No, this has nothing to do with Trump.
At a time of heightened tensions on campus and abroad between the West and China, there was something deeply humanising about ‘A Deal’. Written by New York-based playwright Zhu Yi and directed by Shiya Lu, it presents a different human and political perspective on the Western gaze and the clashing aspirations between generations and cultures. It is not one I would wholeheartedly agree with, but it exemplified that, behind the rhetoric that exists on both sides of the debate, there are real people.
The play centres around Li Su (Katherine Nheu) as she attempts to navigate the world of acting as a Chinese student-come-actor in New York. The enthusiastic Li becomes increasingly desperate to get cast into a particular role after multiple auditions, co-opting the identity of the orphaned Chinese girl from the play in order to do so.
Yet, when her parents Mr Li (Shi-Kai Zhang), a semi-corrupt party official and owner of a state-owned enterprise, and Mrs Li (Susan Young), a former actress, join her with the intention of immigrating, there are revelations of greed, fraud, and corruption. Add a former lover, Peter (Edric Hong), and American playwright, Josh (Simon Lee), and the debate of ideas and aspirations is inflamed.
The play itself filled a valuable gap by presenting an often-marginalised voice in Western theatre, coming from a uniquely Chinese perspective. Indeed, its very different value system was evident in the heavy emphasis on the child-parent(s) relationship, one with very significant responsibilities for both parties. It’s not something I completely understood, but judging by the laughter by the Chinese-Australian crowd, it clearly had significant resonance. On that note, I had a lot of respect for the liberal amount of self-deprecating humour throughout the play about parent’s expectations, gaming the system, and the focus on ‘status’.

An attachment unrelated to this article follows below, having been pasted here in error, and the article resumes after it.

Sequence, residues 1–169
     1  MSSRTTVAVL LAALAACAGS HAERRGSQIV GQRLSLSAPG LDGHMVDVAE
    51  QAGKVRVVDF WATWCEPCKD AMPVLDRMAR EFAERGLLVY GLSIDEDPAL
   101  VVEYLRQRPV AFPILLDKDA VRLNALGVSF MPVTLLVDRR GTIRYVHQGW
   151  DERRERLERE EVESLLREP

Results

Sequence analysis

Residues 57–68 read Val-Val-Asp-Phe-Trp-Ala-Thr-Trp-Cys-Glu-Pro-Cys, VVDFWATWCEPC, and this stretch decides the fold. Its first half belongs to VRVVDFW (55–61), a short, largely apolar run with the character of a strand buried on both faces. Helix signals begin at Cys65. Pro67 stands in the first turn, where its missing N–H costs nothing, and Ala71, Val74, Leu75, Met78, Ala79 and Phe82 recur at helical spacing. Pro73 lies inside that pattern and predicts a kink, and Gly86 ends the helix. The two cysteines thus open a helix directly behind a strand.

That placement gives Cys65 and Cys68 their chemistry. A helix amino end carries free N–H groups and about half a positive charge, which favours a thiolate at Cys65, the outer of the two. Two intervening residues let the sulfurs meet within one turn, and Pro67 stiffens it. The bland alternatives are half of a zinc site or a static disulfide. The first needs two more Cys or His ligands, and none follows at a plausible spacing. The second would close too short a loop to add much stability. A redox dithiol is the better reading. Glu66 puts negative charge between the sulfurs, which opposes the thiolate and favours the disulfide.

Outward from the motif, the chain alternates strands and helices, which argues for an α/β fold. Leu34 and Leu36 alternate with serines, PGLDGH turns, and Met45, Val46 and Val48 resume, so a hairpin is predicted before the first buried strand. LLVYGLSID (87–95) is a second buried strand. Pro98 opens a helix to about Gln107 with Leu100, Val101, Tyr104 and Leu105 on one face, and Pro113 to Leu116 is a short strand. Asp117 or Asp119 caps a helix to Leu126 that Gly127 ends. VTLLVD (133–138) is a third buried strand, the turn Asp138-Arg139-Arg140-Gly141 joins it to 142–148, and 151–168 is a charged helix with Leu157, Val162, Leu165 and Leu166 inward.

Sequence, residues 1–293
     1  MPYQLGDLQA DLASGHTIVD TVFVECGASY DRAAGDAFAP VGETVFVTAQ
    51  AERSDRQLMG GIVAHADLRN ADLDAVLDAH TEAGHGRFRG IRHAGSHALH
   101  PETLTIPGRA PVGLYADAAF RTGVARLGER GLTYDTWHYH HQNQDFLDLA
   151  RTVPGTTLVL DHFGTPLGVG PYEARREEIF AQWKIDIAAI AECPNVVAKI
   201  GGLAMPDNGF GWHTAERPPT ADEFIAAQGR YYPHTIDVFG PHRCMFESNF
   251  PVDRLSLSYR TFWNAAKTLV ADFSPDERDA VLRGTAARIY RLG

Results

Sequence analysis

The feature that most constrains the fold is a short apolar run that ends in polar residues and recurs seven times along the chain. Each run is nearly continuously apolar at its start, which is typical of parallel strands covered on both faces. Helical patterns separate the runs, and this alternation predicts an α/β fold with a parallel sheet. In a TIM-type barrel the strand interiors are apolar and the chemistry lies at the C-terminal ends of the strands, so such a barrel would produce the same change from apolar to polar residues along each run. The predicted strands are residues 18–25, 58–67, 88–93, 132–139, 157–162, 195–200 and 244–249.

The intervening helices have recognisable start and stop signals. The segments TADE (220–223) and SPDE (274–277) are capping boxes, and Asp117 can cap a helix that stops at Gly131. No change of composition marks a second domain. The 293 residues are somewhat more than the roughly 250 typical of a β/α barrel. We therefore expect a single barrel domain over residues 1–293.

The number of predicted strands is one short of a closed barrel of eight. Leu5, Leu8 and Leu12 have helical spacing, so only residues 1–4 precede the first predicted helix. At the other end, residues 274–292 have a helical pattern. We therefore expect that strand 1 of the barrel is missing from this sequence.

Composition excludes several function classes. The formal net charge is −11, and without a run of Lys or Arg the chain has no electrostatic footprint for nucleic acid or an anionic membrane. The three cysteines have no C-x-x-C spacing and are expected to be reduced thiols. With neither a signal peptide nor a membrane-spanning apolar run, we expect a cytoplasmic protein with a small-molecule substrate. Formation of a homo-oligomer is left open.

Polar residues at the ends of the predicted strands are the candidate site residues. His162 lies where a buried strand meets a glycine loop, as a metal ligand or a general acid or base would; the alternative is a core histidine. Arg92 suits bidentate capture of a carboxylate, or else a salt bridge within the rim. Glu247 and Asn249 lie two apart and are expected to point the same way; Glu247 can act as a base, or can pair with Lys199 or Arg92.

However, the execution of the play was mixed. Indeed, there were noticeable problems with lines by a few members of the cast which at times detracted from the pacing of the scene. Further, the layout of the Chippen Street Theatre, being so long, also presented some challenges. Those being said, they were somewhat offset by some noteworthy performances from Young and Zhang in particular.
Additionally, from my (admittedly non-Chinese) perspective, the content of the play did have some problems. Without trying to be a cliché on my part, the comedy made an indirect point of trivialising some of the legitimate human rights issues in China. The farce was funny, but ultimately threw shade on what is perceived to be the West’s saviour mentality – which may have some legitimacy, but was nonetheless unsettling. It attempted to balance determining the value of Chinese and American ideals, toeing a very fine line between the two, in a makeshift means of counteracting this. This only worked somewhat.
All in all, it was a decent effort. While the play does come off as a bit of a melodrama, it was nonetheless entertaining. There were some memorable moments from the cast, notwithstanding some issues with its execution, but these are easy to fix. Ultimately, this play presents something very needed by empowering voices and perspectives that often fall by the wayside in mainstream Australian theatre.